A Picture Can Paint A Thousand Words.
How visual clues help navigate the two-way street that is communication for people with autism. Dr David Preece, Senior Lecturer at the University of Northampton blogs about the challenges of communication for those with autism.
Communication is another core area of difficulty and difference in autism, and it is an area that is closely linked to the social issues I wrote about yesterday Because — like social interaction — communication isn’t something you do by yourself. It is a two-way street, and requires someone else to be involved.
Again, just like social interaction, there is a wide continuum of communication behaviour in autism. Some people with autism may never talk — though this doesn’t mean they can’t communicate. Some may talk an awful lot — though this doesn’t mean they are effective communicators, as they may be oblivious to whether the listener is interested in (or even listening to) what they are saying.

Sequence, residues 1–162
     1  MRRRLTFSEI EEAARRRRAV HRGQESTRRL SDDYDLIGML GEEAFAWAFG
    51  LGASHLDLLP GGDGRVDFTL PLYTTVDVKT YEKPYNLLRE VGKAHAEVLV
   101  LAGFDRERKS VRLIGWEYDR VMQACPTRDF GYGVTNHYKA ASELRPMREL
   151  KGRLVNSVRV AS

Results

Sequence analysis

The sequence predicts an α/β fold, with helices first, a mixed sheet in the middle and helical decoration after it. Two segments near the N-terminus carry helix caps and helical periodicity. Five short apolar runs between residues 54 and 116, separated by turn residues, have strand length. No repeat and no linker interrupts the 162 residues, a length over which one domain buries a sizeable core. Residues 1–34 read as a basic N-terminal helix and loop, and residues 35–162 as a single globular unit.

Just because someone is saying something doesn’t necessarily mean they understand what they are saying!
What we have learned about autism is that processing language and words can be difficult regardless of verbal ability. They say that a picture is worth a thousand words and this is particularly true in autism, where visual processing skills seem to be very important. Presenting information visually, and using visual supports to identify where things are, what to do where, and what is coming next, can reduce stress for all people with autism, regardless of their verbal ability.
This means working with the person with autism to identify what’s appropriate for them- the written word may work for some, but others might need photos, or even objects. As Benjamin Franklin said, ‘Tell me and I’ll forget, show me and I’ll remember, involve me and I’ll understand’.
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